Medium is a community website that publishes articles from writers who collaborate to help each other create better material before publication.
The website is a great place for business people to get stimulating ideas from outside their work and community. The writers are from all over the world and have a variety of skills and interests. Their point of view and information can be very refreshing, especially in a world so dominated by a few sources such as Facebook, LinkedIn, and some cable channels. The articles vary with the specialty of the writers and bring fresh perspectives on businesses, careers, and life.
The articles flow in a blog feed. Each time the reader returns, there are very likely new articles to read.
The concept of writer collaboration is a good practice for success in any situation. Husbands and wives who collaborate on family decisions can have more successful and healthier families. Companies become more effective when employees help each other creatively. People who travel in groups can be safer if each person minds their own safety as well as the safety of others. Sports teams that play as teams enable individual players to be more successful.
Forbes contributor David K. Williams writes a great deal about collaboration and is “a proponent of collaboration in any business function.”
Since going to Yahoo, Marissa Mayer has done many things, but the two actions which made headlines were buying Tumblr and requiring Yahoo’s workers to come into the office to work.
Medium is the creation of Ev Williams (founder of Blogger and co-founder of Twitter). He has attracted a lot of talented and in some cases widely published writers to publish by invitation on the new website.
A lot of writers who publish on the web have no copy editor or in other cases may have editors whose focus in editing is on the publication’s point of view. The writers get no input to stimulate their creativity or challenge their thinking before publishing their material. To quote Ev Williams, “People create better things together.”
Writing can be a lonely task. Many writers work in silos. Their co-workers are keyboards, pencils, pens, and the blank page on which writers place words.
Even freelance writers who work as stringers for major publications write alone and often function more like students creating term papers. These writers create their material away from the central office and submit the material to an editor. The editor may simply push the material aside or change the material to the publication’s point of view. Meanwhile the writer is in the silo creating more material.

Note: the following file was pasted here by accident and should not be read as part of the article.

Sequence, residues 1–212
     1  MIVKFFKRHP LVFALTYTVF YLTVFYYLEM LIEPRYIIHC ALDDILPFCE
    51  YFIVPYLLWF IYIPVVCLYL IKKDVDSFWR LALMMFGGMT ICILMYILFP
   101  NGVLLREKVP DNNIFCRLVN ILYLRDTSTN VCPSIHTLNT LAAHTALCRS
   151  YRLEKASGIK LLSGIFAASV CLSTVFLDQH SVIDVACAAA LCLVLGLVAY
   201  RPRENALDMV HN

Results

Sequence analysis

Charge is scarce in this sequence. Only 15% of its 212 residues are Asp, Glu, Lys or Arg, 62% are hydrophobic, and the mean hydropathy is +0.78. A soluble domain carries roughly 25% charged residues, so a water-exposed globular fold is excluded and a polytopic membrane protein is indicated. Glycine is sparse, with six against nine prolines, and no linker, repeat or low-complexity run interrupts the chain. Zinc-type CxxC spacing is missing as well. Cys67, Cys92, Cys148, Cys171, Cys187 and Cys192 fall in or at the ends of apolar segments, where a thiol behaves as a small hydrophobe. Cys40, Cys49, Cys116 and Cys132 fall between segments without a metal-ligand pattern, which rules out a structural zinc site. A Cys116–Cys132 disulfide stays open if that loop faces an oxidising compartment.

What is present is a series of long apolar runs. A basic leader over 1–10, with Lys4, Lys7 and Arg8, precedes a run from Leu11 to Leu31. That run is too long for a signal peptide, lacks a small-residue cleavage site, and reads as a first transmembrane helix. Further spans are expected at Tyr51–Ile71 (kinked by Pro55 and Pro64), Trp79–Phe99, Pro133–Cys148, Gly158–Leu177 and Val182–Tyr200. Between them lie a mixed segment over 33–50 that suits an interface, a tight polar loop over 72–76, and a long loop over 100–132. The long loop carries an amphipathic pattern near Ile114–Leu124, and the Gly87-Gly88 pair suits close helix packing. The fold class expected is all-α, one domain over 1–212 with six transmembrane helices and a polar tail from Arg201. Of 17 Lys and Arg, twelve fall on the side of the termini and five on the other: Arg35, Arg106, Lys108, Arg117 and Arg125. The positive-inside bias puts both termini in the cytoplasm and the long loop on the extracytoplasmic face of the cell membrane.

Even writers who have friends who are writers may never connect on their work. Each one may write about different subjects. What they have in common may be sports or politics or music or anything unrelated to work. Taking a break from work may be the reason for meeting with these other writers in the first place.
Robert M. Persig was a technical writer. He perhaps should be credited as writing from one of the deepest silos in literary history. He received 121 rejection letters before the publication of his novel Zen and the Art of Motorcycle Maintenance: An Inquiry into Values.
There are countless other writers who remain anonymous and put food on the table with freelance pieces, ghostwriting, technical pieces, words-between-the-numbers business publications, and other anonymous material created whenever a company needs someone to pull something together for publication.
Until now, these writers did not have a community of the quality and collaborative process that Medium.com offers.
I have been writing for decades. With tongue in cheek, I sign my material, “The World’s Most Noble Headhunter.” Although I have published a monthly career and business newsletter for ten years, I am perhaps more frequently recognized as one of the best middle management corporate recruiters in the CPG industry. When placing recruiting calls to applicants, I have used the nickname “The World’s Most Noble Headhunter” as an icebreaker.
My first writing was published during the Vietnam War. As part of my duties aboard an aircraft carrier, I wrote articles about air strikes.
I would interview Navy aviators as a collateral duty in between bridge watches. The stories that I wrote went to Saigon for clearance and declassification. Then the articles were passed on to the media as press releases. The byline went to the reporters who published these articles as a finished product.
During one of my bridge watches, the commanding officer of my ship showed me the message he received from Saigon public affairs. “The Midway’s press releases have been consistently outstanding. Keep them coming.”
You know, I was tickled when I saw that message. I was a writer now. A writer of much higher military rank than I had taken the time to tell my commanding officer he was doing a great job. He, the commanding officer, got the credit in Saigon and above, but I was the writer.
I did not get a byline, but I was a writer connected with another writer. I was in a professional community.
With Medium.com, I now have a community of other writers: people who create and who know that people do create better things together.
“The World’s Most Noble Headhunter”